If you ask third graders at St. Walter elementary school in Morgan Park on Chicago’s South Side what they want for Christmas this year, they don’t have to think twice.
Their wish list includes a hoverboard, a new phone, and the simple wish for “people to have a great Christmas.”
But teachers and school administrators are hoping for something much bigger.
“We need $364,000 by Jan. 7,” said St. Walter Principal Sharon O’Toole.
The Archdiocese of Chicago told parents in early November that St. Walter will close by June unless the school community comes up with $364,000 to cover a deficit this year and a projected deficit for 2019.
For Carroll Sweeney-Vargas, a St. Walter parent and alumni, the thought of her 66-year-old school closing is devastating.
“I was baptized here, made my confirmation here, my first communion, was married here,” she said. “I mean this is home.”
St. Walter sits in a mostly working-class community and serves a racially diverse student body. It could fit more than 200 students, but in the last six years, enrollment has declined by half. It now has just 118 students. About 40 percent are considered low income.
St. Walter’s situation reflects a trend at many schools across the Archdiocese of Chicago. In the last two decades, the church has lost 42 percent of its student population, and the number of Catholic schools has dropped by nearly 31 percent. The church also has lost religious educators whose inexpensive labor has helped keep Catholic schools afloat.
To try to get ahead of the problem, the archdiocese has come up with “Renew my Church.” It’s a strategy that brings church officials and parishioners together to figure out how to share resources and save by merging parishes and schools and closing underutilized buildings. Four schools are already slated to close by June through this process.
This collaborative approach wasn’t an option for St. Walter. The decision to give St. Walter School the Jan. 7 deadline was made by the archdiocese.
Leaders at St. Walter School were informed in September and have been working to raise funds. Parents, though, were shocked by the news and the deadline. Many are involved in school fundraising and didn’t realize things had gotten that dire.
Pinning hope on state’s new private school scholarships
The St. Walter tuition is about $6,000 and 41 of the school’s families already get some type of financial assistance from the school and foundations. O’Toole had hoped to save money and boost enrollment with help from the state’s new private scholarship program, but only 13 students got scholarships this year. She had hoped for at least 20.
[We thought] “that people [would] will make donations earmarked for St. Walter’s school and that would have given us a boost in our enrollment,” O’Toole said.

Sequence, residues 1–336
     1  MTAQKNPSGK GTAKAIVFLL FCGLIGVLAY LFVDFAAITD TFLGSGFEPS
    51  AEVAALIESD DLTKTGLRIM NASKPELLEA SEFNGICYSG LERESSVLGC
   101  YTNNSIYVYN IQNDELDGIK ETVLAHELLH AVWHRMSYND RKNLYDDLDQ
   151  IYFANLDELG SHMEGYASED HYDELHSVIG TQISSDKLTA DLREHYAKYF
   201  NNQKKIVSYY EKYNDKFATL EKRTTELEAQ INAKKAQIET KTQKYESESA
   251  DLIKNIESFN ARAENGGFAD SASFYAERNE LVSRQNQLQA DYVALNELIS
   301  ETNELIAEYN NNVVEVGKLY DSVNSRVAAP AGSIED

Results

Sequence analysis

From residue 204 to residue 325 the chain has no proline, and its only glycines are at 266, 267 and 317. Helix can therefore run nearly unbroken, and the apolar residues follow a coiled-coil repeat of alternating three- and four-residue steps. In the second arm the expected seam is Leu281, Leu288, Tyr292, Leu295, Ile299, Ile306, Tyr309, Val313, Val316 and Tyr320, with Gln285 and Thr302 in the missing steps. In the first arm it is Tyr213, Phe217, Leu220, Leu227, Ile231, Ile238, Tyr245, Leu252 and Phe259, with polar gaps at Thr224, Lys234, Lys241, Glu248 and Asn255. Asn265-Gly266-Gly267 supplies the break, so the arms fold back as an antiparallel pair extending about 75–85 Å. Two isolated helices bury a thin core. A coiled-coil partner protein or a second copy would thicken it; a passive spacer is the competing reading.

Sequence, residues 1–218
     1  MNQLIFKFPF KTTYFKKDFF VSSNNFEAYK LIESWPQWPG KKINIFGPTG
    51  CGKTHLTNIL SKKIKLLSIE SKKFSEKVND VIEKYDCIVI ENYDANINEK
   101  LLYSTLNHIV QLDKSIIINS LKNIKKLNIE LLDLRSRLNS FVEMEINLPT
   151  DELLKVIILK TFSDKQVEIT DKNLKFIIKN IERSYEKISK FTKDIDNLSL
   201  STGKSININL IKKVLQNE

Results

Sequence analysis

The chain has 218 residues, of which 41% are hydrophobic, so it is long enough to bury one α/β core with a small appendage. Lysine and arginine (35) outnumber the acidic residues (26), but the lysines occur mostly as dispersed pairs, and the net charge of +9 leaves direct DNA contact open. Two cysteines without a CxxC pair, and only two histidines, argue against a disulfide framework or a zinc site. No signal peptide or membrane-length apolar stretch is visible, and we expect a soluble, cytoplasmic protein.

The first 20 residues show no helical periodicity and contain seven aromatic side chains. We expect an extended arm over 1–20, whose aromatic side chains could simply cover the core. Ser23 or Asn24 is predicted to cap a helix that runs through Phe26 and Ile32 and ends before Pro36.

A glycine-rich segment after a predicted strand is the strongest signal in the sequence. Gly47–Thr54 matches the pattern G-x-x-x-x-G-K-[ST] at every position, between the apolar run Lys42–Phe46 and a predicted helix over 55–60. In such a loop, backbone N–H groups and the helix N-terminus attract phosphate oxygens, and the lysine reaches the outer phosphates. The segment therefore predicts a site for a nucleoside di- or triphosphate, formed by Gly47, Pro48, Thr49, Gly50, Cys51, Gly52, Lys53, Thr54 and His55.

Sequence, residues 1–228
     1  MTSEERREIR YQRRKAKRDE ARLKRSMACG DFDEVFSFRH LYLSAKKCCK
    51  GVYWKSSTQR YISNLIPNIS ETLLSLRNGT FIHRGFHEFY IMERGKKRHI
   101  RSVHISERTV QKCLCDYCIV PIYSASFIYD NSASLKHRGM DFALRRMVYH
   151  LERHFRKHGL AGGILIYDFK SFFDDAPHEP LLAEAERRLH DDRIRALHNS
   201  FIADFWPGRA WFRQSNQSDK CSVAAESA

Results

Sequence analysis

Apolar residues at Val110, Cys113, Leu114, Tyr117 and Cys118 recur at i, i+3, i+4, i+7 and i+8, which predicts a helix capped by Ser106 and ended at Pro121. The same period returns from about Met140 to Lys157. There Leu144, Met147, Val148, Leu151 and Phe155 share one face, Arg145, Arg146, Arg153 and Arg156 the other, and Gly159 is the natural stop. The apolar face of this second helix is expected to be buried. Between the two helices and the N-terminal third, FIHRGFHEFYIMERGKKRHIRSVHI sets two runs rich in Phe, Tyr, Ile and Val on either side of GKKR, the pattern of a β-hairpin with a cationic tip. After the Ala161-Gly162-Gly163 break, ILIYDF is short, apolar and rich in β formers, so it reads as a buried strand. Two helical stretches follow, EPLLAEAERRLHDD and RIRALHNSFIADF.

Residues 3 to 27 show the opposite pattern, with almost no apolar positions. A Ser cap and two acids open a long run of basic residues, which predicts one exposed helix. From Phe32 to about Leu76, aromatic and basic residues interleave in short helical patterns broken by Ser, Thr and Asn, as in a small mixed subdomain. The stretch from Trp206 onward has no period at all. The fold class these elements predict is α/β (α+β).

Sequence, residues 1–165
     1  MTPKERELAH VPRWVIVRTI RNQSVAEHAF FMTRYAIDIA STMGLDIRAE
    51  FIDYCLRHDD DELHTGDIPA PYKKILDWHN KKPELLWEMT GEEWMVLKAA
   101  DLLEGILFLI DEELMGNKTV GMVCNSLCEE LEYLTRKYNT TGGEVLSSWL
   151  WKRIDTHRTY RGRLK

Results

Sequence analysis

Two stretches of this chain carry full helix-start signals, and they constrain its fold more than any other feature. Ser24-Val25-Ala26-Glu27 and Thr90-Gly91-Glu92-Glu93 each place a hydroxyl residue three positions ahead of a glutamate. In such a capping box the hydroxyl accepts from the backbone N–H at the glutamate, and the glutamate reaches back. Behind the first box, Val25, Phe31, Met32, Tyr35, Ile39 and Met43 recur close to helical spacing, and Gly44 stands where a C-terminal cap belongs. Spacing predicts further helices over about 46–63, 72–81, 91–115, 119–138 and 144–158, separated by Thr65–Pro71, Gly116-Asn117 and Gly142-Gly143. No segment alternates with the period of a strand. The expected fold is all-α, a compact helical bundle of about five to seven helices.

Under the state’s new tax credit scholarship program, individuals or corporations donate to scholarship groups and in exchange they get a 75 percent tax credit. Donors can direct their contributions to specific schools or groups of schools. Donations in this first year covered 5,600 student scholarships statewide, but tens of thousands of students applied. Gov.-elect JB Pritzker has vowed to end the program.
Archdiocese Catholic schools Superintendent Jim Rigg says the church is trying to be realistic about what school communities are facing.
“We have to realize that neighborhoods change, communities change, and our schools were built to serve populations that have shifted dramatically through the generations. And as part of that equation, we have to make difficult choices,” Rigg said.
Slime and bracelet fundraisers
After the shock of the Jan. 7 deadline wore off, parents and students started dreaming up all kinds of fundraisers. “Two students came to me and wanted to start selling slime to raise money for the school, and I said, ‘You write up a whole business proposition for me, and we will talk,’” O’Toole said.
Parents are coordinating popcorn sales and raffle events. Other students are making bracelets from rubber bands during recess to sell.
Principal O’Toole is thrilled with the response from students and parents. But she knows her school needs more than that.
“The things that we do, that people are putting their heart and soul into, are only going to bring us $3,000 or $5,000,” she said. “We truly have to rely on the outside community to help us with those $10,000 and $20,000 checks.”
So far, the school has raised a lot — $184,000. But with only two weeks to raise $180,000, parents want the archdiocese to extend their deadline. Superintendent Rigg says he is willing to look into it, but it depends on how much money is raised by Jan. 7.